The UK is seen as demanding. The Prime Minister’s repeated refusal to guarantee EU citizens’ rights is viewed as toxic. The German car manufacturers now say the EU is more important than British trade. “I am afraid that bonhomie has evaporated,” Dance said. 

On Wednesday 29 March the UK will trigger Article 50. Doing so will end our period of national soul-searching and begin the formal process of divorce. So what next?

The European Parliament will have its say

In the EU, just as in the UK, the European Parliament will not be the lead negotiator. But it is nevertheless very powerful, because MEPs can vote on the final Brexit deal, and wield, in effect, a veto.

The Parliament’s chief negotiator is Guy Verhofstadt, a committed European who has previously given Remoaners hope with a plan to offer them EU passports. Expect them to tune in en masse to watch when this idea is revived in April (it’s unlikely to succeed, but MEPs want to discuss the principle). 

After Article 50 is triggered, Dance expects MEPs to draw up a resolution setting out its red lines in the Brexit negotiations, and present this to the European Commission.

The European Commission will spearhead negotiations

Although the Parliament may provide the most drama, it is the European Commission, which manages the day-to-day business of the EU, which will lead negotiations. The EU’s chief negotiator is Michel Barnier. 

Barnier is a member of the pan-EU European People’s Party, like Jean-Claude Juncker and German Chancellor Angela Merkel. He has said of the negotiations: “We are ready. Keep calm and negotiate.”

This will be a “deal” of two halves

The Brexit divorce is expected to take 16 to 18 months from March (although this is simply guesswork), which could mean Britain officially Brexits at the start of 2019.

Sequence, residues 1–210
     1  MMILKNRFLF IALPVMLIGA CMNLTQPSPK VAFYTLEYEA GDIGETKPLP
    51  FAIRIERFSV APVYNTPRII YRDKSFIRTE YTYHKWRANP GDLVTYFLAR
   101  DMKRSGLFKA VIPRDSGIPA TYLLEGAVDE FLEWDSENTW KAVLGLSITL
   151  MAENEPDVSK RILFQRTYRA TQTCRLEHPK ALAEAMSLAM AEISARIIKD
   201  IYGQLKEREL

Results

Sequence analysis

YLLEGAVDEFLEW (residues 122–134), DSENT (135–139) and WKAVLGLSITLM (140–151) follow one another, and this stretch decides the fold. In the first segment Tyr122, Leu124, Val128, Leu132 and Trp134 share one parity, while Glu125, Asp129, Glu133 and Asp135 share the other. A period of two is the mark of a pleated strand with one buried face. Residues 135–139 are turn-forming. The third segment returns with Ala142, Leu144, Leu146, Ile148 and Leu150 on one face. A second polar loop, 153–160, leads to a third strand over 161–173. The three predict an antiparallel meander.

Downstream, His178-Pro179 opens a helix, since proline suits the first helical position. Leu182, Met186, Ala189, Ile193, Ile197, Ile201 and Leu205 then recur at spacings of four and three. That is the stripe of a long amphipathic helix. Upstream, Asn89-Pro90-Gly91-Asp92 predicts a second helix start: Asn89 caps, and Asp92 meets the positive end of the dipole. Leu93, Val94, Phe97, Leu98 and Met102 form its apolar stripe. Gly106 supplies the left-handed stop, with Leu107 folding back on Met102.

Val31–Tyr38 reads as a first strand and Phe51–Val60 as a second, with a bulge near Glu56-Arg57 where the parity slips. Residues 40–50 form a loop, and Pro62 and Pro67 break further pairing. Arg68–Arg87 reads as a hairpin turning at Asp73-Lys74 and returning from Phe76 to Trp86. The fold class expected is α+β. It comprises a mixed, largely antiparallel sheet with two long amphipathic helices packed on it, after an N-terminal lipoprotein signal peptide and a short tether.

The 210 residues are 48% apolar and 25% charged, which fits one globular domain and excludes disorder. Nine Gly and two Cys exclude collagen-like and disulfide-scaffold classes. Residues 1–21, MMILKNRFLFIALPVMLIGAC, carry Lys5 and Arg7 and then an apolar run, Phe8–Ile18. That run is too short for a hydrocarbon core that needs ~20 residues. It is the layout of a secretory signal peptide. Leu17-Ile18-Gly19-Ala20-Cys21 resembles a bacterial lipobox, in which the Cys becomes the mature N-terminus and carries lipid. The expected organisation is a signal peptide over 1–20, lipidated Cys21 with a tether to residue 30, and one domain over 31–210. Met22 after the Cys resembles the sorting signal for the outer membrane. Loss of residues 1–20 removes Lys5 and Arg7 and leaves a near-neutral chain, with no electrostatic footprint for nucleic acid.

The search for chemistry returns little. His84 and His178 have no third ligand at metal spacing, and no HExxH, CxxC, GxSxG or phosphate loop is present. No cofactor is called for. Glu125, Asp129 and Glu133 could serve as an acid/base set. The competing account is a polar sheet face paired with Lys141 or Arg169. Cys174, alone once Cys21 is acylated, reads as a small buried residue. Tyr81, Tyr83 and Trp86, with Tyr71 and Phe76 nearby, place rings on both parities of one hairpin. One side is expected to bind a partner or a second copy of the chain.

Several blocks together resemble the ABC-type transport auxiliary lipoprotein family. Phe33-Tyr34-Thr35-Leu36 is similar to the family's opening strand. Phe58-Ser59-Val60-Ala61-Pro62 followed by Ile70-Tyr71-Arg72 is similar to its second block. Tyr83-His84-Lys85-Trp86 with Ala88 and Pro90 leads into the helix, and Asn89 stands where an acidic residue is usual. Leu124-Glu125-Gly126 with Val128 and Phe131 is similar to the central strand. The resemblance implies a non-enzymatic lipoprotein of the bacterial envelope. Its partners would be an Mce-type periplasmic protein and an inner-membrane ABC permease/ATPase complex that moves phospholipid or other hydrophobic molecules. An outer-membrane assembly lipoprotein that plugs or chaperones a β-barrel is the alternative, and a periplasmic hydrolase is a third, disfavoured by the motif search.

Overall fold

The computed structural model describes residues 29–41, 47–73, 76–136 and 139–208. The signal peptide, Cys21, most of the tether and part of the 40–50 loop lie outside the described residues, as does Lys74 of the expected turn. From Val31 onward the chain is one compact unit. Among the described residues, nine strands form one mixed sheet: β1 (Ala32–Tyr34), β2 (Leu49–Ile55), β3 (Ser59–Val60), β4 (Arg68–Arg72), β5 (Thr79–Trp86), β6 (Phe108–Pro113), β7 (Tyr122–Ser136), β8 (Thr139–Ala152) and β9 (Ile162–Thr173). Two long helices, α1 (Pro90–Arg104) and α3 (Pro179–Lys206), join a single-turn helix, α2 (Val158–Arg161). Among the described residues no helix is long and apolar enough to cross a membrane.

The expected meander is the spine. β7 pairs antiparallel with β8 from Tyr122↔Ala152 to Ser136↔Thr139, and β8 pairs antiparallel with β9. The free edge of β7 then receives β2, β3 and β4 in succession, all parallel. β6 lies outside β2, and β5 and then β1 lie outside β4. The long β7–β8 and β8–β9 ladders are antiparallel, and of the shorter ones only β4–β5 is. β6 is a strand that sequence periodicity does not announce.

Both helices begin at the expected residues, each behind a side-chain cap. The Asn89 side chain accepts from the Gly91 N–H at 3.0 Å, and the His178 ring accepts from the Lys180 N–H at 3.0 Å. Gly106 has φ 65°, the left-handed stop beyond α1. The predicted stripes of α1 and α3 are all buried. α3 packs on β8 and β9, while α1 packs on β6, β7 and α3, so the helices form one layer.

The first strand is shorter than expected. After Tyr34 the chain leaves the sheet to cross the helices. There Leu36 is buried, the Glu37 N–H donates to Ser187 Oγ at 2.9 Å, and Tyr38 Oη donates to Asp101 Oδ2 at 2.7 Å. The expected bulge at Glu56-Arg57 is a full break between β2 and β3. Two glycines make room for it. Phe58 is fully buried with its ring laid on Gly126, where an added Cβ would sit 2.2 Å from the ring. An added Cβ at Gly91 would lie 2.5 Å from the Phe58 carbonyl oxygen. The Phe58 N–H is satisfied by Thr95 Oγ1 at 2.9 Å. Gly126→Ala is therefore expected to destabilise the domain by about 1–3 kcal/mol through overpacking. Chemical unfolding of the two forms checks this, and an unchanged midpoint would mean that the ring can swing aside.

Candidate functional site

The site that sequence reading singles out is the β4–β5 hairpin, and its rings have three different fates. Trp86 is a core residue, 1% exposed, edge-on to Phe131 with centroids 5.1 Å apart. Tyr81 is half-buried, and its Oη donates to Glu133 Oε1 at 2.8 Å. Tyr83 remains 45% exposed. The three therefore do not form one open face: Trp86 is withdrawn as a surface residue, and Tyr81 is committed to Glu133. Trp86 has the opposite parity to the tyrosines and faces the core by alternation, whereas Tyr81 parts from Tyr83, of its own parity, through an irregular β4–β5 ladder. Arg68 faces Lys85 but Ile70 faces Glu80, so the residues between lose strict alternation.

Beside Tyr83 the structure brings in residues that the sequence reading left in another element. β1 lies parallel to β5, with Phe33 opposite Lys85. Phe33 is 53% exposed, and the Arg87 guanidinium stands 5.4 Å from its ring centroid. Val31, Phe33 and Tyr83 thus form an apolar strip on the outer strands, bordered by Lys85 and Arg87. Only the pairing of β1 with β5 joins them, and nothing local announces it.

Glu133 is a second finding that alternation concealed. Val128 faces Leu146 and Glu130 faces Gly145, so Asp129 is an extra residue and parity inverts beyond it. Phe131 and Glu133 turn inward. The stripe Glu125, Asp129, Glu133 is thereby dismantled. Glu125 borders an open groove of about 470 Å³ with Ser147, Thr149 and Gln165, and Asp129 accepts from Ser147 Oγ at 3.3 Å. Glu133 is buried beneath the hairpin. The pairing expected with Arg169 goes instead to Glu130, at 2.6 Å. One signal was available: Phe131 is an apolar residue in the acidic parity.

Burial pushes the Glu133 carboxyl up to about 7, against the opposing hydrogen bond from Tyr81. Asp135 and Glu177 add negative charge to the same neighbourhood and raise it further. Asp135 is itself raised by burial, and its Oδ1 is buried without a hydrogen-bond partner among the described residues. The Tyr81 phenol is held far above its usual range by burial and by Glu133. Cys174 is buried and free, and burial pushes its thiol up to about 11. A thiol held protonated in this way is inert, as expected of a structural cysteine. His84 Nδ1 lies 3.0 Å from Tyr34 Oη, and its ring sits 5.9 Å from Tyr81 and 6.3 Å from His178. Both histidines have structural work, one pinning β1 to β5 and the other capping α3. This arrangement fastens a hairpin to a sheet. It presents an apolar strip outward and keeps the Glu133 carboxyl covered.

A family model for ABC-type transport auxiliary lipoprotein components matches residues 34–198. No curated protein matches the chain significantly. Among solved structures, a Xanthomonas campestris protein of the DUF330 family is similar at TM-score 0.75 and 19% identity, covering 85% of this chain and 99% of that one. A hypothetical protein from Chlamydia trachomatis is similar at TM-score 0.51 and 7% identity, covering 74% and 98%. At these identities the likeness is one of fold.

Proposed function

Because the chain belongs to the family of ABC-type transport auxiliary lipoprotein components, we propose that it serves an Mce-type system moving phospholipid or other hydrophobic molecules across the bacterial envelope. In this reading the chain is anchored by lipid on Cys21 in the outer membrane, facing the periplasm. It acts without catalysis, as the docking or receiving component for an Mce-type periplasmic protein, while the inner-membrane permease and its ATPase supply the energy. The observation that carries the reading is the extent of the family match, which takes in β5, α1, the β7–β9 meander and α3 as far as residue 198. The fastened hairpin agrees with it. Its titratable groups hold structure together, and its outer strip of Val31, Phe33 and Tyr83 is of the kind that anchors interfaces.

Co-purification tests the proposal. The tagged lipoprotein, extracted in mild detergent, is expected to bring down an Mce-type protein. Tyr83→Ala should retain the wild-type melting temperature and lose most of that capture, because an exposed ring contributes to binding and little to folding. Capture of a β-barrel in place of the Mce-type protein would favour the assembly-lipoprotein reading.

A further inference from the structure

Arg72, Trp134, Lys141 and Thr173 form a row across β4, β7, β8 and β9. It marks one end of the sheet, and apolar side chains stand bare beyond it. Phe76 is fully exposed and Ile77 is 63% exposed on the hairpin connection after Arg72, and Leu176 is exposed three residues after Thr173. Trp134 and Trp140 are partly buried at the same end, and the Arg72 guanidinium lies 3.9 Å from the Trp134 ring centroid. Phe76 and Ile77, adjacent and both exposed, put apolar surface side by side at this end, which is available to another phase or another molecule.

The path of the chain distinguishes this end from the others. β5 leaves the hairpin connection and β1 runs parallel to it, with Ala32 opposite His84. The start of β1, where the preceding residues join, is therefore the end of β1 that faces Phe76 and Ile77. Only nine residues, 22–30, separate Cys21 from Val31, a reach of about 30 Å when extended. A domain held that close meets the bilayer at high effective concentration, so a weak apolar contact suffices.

But here’s the thing. The divorce is likely to focus on settling up bills and – hopefully – agreeing a transitional arrangement. This is because the real deal that will shape Britain’s future outside the EU is the trade deal. And there’s no deadline on that. 

As Dance put it: “The duration of that trade agreement will exceed the life of the current Parliament, and might exceed the life of the next as well.”

The trade agreement may look a bit like Ceta

The European Parliament has just approved the Comprehensive Economic and Trade Agreement (Ceta) with Canada, a mammoth trade deal which has taken eight years to negotiate. 

One of the main stumbling points in trade deals is agreeing on similar regulatory standards. The UK currently shares regulations with the rest of the UK, so this should speed up the process.

But another obstacle is that national or regional parliaments can vote against a trade deal. In October, the rebellious Belgian region of Wallonia nearly destroyed Ceta. An EU-UK deal would be far more politically sensitive. 

The only way is forward

Lawyers working for the campaign group The People’s Challenge have argued that it will legally be possible for the UK Parliament to revoke Article 50 if the choice is between a terrible deal and no deal at all. 

But other constitutional experts think this is highly unlikely to work – unless a penitent Britain can persuade the rest of the EU to agree to turn back the clock. 

Davor Jancic, who lectures on EU law at Queen Mary University of London, believes Article 50 is irrevocable. 

Jeff King, a professor of law at University College London, is also doubtful, but has this kernel of hope for all the Remainers out there:

“No EU law scholar has suggested that with the agreement of the other 27 member states you cannot allow a member state to withdraw its notice.”

Good luck chanting that at a march. 

Julia Rampen is the editor of The Staggers, The New Statesman's online rolling politics blog. She was previously deputy editor at Mirror Money Online and has worked as a financial journalist for several trade magazines.